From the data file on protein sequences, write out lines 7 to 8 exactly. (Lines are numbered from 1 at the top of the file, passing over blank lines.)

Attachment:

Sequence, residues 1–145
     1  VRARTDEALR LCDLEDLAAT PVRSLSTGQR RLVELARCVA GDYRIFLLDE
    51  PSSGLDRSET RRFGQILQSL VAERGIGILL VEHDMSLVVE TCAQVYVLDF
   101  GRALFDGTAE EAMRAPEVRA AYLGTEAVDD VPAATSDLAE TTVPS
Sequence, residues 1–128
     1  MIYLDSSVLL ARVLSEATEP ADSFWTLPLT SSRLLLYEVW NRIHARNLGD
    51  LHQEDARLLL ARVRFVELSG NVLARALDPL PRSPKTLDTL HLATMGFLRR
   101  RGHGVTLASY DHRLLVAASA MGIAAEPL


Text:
    51  LHQEDARLLL ARVRFVELSG NVLARALDPL PRSPKTLDTL HLATMGFLRR
   101  RGHGVTLASY DHRLLVAASA MGIAAEPL